Digital x-rays: Remember those little films you held with your hand while the dentist took a picture?  Today we have digital x-ray sensors that require much less exposure than conventional film. 

Dental implants:  Implants have revolutionized treatment options.  We routinely replace teeth with implants.  Dentures loose?  Implants can hold them solidly. 

Bonded veneers:  A porcelain crown can save your tooth.  Bonded porcelain veneers can give you a new smile and change your life!

Sedation dentistry:  Just like for a medical procedure, you can be safely sedated in the office for almost any dental procedure. 

Peter J. Samuels, DDS is a local Gettysburg dentist and a clinical instructor at the University of Maryland Dental School.

334-0555     GettysburgFamilyDentist.com

Topics: Gettysburg dentist

How to Save Money on the Dentist

Posted by Peter Samuels on Tue, Aug 12, 2014 @ 09:08 AM

Know how to save money on dental treatments

 Gettysburg Dentist

If you've ever had to make an unexpected and unplanned trip to the dentist for an emergency, you know how expensive dental treatments can be - even when you have dental insurance.  Understanding how to save money on dental treatments is an important part of having and maintaining a personal or family budget.  These simple techniques can not only save you money in the long run, they can significantly improve your dental health now and in the future.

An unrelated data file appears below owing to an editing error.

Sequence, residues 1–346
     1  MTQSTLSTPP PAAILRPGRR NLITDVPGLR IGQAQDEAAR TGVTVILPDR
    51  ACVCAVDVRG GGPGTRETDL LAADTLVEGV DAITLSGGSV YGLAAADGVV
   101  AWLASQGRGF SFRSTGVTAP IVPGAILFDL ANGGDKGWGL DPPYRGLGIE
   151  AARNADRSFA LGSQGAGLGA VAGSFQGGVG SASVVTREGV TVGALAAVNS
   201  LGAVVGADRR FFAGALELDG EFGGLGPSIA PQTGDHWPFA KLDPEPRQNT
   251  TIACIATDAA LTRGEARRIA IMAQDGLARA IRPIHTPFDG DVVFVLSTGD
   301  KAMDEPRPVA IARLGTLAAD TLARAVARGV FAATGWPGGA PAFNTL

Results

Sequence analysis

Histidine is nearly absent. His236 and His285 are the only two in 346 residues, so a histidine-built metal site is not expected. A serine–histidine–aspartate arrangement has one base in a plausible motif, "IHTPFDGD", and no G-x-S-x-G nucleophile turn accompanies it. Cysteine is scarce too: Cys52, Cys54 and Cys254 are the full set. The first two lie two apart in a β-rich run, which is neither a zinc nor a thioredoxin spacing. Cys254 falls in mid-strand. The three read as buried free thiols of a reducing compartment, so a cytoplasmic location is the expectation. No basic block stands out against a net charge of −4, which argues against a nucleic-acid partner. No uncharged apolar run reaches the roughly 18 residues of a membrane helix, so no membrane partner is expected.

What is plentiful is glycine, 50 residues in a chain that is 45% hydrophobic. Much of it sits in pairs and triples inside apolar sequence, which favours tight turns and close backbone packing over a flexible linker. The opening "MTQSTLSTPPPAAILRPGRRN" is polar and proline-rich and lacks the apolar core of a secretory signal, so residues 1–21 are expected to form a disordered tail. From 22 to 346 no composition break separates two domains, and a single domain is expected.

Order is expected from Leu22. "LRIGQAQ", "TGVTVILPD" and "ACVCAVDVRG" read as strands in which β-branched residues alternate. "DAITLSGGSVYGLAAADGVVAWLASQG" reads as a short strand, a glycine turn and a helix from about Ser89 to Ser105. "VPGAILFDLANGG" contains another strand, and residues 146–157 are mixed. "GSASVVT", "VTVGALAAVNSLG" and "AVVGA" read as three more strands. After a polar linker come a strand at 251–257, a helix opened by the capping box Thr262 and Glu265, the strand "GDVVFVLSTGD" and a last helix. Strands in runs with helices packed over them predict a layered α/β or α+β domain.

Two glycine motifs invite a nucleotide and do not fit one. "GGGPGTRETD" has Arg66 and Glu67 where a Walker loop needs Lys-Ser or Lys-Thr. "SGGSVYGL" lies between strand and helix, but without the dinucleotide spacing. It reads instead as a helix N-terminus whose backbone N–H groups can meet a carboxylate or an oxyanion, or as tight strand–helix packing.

1. Get regular checkups and cleanings: Part of good dental hygiene is keeping on top of your oral health before problems can arise.  Getting a regular cleaning followed by a fluoride treatment can reduce the risks of dental emergencies going forward, and can help you and your dentist identify potential problems before they become disasters or emergencies.  Regular cleanings can remove plaque and tartar buildup on your teeth before they can turn into cavities or gum disease.